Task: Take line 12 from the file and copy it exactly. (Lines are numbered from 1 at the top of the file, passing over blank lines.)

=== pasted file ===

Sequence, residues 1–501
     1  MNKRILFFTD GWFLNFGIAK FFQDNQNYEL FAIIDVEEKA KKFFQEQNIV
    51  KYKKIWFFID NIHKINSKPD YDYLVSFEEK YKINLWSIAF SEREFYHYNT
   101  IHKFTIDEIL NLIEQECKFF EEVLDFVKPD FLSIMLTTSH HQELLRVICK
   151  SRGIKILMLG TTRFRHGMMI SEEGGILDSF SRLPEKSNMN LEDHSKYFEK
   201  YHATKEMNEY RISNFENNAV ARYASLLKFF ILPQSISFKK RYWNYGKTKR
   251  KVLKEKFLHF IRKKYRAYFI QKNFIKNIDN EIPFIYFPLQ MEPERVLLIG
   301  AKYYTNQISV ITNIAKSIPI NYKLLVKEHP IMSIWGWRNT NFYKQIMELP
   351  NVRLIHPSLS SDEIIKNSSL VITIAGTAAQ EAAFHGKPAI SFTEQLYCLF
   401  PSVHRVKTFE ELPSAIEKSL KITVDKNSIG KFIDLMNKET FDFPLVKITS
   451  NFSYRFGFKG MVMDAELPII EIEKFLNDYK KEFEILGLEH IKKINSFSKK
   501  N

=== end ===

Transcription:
   501  N